Religion and Society in Russia

Religion and Society in Russia : The Sixteenth and Seventeenth Centuries

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Description

This book traces the evolution of religious attitudes in an important transitional period in Russian history. The sixteenth and seventeenth centuries in Russia saw the gradual decline of monastic spirituality, the rise of miracle cults, and ultimately the birth of a more personal and private faith that stressed morality instead of public rituals. Bushkovitch not only skillfully reconstructs these rapid and fundamental changes in the Russian religious experience, but also shows how they were influenced by European religious ideas and how they foreshadowed the secularization of Russian society usually credited to Peter the Great.show more

Product details

  • Hardback | 286 pages
  • 228.6 x 228.6 x 152.4mm | 666.85g
  • Oxford University Press Inc
  • New York, United States
  • English
  • 0195069463
  • 9780195069464

Review quote

a highly scholarly and richly detailed volume, building on previous studies of his selected area and on published histories and manuscript records of churches and chapels, among many other sources ... The book is an intensely detailed one miscroscopically examining the religious nature of a small area. The work is valuable not only as a model study of local religious history, covering many facets, but as an example of developments which had national as well as local relevance. * Ian Machin, University of Dundee, The Historical Association 1996 * an erudite and fairly readable account of religious life in Muscovy, with some thought-provoking comments on other aspects of cultural history. His sources are extensive and include unpublished manuscript material * The Heythrop Journal *show more

Back cover copy

In this book, Bushkovitch traces the evolution of religious attitudes in an important transitional period in Russian history, the sixteenth and seventeenth centuries. Concentrating on the attitudes of the court and elite of Russian society, he explores the effects of the gradual decline of Monastic spirituality, the rise of miracle cults, and the redefinition of Orthodoxy in the seventeenth century. Around 1650, preaching and a moral reformation of the individual believer began to displace the predominant miracle cults and rituals. Centered at first in the court of Tsar Aleksei, these changes began to spread into society at large by the end of the seventeenth century. This redefinition of Orthodoxy created a religion that stressed virtue more than revelation, and thus prepared the ground for the secularization of Russian culture in Peter the Great's time. Using unpublished manuscript material as well as early printed books, Bushkovitch demonstrates that this period was far from the stable (or stagnant) era of Slavophile myth, but a time of continuous and often rapid change. Discussing areas never before researched (such as miracle cults), he not only skillfully reconstructs these rapid and fundamental changes in the Russian religious experience, but also shows how they were influenced by European religious ideas and how they foreshadowed the secularization of Russian society.show more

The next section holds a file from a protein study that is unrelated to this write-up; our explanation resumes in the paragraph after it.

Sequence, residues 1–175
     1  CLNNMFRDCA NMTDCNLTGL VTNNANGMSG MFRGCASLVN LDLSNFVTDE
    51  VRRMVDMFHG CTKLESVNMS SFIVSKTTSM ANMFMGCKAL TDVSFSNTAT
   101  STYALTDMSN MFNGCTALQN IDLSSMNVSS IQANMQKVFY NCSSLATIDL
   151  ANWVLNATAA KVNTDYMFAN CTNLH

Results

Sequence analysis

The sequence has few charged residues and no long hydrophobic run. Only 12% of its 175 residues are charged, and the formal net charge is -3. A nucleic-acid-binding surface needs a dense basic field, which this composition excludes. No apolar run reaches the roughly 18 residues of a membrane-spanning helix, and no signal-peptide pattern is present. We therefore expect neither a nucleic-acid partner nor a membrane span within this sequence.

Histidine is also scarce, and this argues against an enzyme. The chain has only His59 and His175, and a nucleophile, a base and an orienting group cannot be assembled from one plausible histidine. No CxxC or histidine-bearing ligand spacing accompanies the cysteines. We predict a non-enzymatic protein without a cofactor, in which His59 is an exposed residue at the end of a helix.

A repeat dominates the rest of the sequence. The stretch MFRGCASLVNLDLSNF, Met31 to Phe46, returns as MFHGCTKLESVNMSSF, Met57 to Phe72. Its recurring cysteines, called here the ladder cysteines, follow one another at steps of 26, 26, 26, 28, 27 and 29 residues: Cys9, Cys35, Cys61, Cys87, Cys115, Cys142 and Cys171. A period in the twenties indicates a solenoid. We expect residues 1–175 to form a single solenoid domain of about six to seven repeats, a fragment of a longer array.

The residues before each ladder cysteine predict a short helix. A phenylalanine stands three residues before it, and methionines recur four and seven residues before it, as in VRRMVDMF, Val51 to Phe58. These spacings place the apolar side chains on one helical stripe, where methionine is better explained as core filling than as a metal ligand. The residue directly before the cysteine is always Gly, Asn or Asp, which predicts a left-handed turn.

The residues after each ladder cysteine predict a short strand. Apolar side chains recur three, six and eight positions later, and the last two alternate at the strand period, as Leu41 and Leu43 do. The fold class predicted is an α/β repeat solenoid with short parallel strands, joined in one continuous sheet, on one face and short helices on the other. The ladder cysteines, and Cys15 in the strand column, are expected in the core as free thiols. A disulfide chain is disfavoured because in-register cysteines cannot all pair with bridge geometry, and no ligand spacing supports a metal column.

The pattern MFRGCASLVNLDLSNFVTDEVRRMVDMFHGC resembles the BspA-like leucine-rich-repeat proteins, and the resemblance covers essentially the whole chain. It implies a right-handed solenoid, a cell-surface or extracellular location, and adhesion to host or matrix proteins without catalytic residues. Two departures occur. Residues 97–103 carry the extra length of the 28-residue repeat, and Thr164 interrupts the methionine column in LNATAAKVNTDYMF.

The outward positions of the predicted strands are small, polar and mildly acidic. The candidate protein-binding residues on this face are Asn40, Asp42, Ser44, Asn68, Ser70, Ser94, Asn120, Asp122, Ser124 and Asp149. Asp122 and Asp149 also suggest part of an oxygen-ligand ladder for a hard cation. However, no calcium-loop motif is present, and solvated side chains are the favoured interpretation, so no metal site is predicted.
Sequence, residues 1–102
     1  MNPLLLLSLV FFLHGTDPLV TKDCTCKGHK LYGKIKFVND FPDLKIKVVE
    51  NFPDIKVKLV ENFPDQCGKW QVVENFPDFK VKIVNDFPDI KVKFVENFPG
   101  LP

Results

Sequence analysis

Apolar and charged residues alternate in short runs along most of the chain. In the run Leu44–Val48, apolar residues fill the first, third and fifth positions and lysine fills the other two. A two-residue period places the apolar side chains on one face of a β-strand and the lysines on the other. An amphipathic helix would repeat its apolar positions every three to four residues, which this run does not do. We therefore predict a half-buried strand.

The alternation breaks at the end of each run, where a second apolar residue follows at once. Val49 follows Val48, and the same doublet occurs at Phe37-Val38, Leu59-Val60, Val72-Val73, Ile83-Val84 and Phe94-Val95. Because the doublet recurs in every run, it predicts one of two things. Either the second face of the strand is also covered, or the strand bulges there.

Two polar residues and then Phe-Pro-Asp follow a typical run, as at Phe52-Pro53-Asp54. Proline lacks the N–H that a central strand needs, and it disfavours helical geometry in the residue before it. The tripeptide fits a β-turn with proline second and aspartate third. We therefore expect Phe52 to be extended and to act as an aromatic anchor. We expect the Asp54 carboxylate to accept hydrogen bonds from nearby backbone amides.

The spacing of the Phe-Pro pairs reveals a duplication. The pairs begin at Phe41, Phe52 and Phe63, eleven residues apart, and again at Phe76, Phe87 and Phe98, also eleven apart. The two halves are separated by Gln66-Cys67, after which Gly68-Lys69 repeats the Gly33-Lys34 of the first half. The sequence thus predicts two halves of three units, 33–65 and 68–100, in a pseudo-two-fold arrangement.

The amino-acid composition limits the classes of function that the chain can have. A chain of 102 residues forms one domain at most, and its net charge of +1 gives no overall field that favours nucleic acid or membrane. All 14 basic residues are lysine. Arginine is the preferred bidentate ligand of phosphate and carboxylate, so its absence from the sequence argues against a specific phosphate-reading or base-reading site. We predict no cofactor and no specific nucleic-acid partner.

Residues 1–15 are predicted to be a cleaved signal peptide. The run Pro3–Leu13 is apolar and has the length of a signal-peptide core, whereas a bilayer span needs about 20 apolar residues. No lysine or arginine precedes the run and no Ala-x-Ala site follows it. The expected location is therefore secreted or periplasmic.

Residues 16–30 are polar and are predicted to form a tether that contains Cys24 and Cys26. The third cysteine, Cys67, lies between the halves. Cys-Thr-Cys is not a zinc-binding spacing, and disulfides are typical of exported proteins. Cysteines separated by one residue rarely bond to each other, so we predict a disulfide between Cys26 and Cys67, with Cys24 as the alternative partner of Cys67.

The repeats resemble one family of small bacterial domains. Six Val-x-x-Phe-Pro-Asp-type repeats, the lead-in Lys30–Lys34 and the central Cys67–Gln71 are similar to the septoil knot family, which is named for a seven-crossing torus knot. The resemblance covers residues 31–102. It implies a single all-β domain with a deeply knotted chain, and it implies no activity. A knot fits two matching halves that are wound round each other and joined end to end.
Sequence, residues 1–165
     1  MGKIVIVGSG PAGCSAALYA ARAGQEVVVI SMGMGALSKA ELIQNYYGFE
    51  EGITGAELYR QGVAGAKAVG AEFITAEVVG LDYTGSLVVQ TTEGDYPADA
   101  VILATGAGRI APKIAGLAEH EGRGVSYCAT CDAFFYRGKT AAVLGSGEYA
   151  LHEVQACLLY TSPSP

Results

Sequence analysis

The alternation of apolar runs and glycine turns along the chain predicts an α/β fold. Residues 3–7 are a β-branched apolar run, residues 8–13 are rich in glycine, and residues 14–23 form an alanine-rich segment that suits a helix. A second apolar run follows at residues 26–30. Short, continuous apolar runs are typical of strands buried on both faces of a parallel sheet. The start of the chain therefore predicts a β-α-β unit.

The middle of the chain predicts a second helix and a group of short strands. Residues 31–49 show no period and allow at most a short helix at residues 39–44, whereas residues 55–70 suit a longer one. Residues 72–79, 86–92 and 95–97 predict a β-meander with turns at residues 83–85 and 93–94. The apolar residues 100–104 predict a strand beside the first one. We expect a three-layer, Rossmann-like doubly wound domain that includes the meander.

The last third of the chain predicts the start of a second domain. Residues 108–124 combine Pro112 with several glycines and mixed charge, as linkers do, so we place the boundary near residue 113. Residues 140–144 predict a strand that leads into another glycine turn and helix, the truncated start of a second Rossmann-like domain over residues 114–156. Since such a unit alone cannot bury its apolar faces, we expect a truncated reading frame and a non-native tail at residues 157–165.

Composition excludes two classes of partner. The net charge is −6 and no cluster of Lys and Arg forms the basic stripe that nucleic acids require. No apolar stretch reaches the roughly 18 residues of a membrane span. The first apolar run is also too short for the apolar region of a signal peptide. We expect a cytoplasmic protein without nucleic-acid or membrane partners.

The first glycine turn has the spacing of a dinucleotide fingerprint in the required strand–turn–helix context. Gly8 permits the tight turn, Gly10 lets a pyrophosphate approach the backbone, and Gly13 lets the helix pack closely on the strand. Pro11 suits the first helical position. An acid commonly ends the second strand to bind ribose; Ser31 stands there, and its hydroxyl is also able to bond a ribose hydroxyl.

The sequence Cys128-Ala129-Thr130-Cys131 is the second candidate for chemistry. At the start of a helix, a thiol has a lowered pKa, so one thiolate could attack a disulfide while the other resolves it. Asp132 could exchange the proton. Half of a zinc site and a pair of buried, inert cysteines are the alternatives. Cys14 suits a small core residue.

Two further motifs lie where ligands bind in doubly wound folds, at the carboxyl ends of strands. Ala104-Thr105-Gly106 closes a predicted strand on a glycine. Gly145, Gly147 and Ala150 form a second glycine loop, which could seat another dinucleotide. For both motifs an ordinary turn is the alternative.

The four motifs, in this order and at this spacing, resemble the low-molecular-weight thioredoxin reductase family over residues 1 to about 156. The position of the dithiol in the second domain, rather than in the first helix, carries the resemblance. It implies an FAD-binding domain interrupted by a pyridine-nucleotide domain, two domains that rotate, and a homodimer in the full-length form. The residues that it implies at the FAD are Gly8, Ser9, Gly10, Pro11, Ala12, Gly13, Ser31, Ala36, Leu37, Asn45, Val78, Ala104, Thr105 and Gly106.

About Paul Bushkovitch

Author of The Merchants of Moscow 1580-1650 (Cambridge UP, 1980)show more

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